Sen. Rand Paul, R-Ky., was "surprised" by former Secretary of State Hillary Clinton's sworn testimony in a Senate hearing in which she claimed that she did not know whether the U.S. mission in Libya was procuring or transferring weapons to Turkey and other Arab countries.
It was Paul who asked Clinton the question during the hearings. His inquiry focused on alleged weapons shipments out of Benghazi to arm the rebels fighting Syrian President Bashar al-Assad's regime.
Speaking on "Aaron Klein Investigative Radio" on New York's WABC Radio, Paul was reacting to Clinton's testimony in light of a New York Times report last month that claimed that since early 2012, the CIA has been helping Arab governments and Turkey obtain and ship weapons to the Syrian rebels.
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The plan mirrors one the Times reported in February as being proposed by Clinton herself. The Times described Clinton as one of the driving forces advocating for arming the Syrian rebels via Turkish and Arab cut outs.
The New York Times reported Clinton and then-CIA Director David Petraeus had concocted the plan, which called for vetting rebels and arming Syrian fighters with the assistance of Arab countries.
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If Clinton knew about the arms transfers, she may have committed perjury during her Benghazi testimony.
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Any training or arming of the Syrian rebels would be considered highly controversial. A major issue is the inclusion of jihadists, including al-Qaida, among the ranks of the Free Syrian Army and other Syrian opposition groups.
Paul further charged during the radio interview that the alleged weapons shipments "may have something to do with" why the U.S. mission in Benghazi was attacked last September.
Regarding Clinton's testimony, Paul stated: "I was surprised that she acted as if she never even heard of the whole concept of arms coming out of Libya through Turkey … since it had been reported in several mainstream media sources that this has been going on. So I was quite surprised that she acted as if she had never heard of any of this, because some of the reports said that she has been arguing for this."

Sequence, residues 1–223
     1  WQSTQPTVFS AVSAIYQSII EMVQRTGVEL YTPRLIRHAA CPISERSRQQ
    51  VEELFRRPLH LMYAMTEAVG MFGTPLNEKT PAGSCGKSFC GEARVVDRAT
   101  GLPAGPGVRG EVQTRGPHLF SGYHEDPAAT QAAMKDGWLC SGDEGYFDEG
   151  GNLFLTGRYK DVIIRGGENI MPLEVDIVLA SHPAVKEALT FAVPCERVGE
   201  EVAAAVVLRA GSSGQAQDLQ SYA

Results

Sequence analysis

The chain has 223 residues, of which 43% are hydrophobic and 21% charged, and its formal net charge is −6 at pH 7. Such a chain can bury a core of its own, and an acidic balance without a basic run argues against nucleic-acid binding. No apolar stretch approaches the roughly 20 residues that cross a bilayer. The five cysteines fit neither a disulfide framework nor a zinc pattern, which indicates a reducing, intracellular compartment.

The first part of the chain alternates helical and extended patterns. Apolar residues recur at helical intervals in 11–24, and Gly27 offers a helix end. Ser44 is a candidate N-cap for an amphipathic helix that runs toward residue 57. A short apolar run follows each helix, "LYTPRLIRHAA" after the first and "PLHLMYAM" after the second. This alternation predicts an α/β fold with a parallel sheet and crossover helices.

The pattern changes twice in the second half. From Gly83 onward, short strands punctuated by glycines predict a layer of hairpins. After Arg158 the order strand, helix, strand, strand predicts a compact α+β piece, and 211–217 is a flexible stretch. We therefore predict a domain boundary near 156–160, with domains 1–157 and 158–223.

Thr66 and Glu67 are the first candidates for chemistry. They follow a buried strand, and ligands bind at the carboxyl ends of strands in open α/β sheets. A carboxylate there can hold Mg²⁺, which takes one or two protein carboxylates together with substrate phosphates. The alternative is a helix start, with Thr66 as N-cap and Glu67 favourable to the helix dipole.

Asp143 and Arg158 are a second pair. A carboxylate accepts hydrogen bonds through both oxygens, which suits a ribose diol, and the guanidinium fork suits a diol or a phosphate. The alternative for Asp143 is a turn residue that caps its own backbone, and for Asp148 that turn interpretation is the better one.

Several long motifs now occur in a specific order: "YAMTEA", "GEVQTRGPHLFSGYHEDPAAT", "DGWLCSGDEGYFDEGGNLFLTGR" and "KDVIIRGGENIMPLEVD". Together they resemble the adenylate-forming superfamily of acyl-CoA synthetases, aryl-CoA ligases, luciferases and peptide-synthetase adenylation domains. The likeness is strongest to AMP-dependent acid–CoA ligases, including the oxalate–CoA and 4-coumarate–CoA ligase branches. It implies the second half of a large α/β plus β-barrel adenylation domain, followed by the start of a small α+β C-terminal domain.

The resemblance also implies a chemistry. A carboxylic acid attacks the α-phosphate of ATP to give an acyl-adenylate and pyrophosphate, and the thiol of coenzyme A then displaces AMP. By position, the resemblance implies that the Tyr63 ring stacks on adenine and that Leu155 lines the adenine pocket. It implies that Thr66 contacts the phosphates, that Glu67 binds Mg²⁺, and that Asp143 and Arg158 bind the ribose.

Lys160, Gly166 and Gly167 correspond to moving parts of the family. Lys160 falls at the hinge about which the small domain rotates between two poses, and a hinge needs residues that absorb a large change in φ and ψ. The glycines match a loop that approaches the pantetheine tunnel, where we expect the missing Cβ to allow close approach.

Paul said many public and government officials "keep this sort of veil of deniability, and the reason they can deny it is, well, maybe the U.S. wasn't actually buying and transferring the arms.
"Maybe we were facilitating it. Simply coordinating with Turkish people who were doing it and they can simply try to stand by and say, 'Well, no, we didn't do it, the Turks did it.' But in reality a lot of this may have involved our involvement."
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In the hearings over the Obama administration's handling of the Sept. 11, 2012, attack on U.S. facilities in Benghazi, Clinton claimed to Paul that she did not know whether the U.S. was helping Turkey and other Arab countries in procure weapons.
Paul asked Clinton: "Is the U. S. involved with any procuring of weapons, transfer of weapons, buying, selling, anyhow transferring weapons to Turkey out of Libya?"
"To Turkey?" Clinton asked. "I will have to take that question for the record. Nobody has ever raised that with me."
Continued Paul: "It's been in news reports that ships have been leaving from Libya and that may have weapons, and what I'd like to know is the annex that was close by, were they involved with procuring, buying, selling, obtaining weapons, and were any of these weapons being transferred to other countries, any countries, Turkey included?"
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Clinton replied: "Well, Senator, you'll have to direct that question to the agency that ran the annex. I will see what information is available."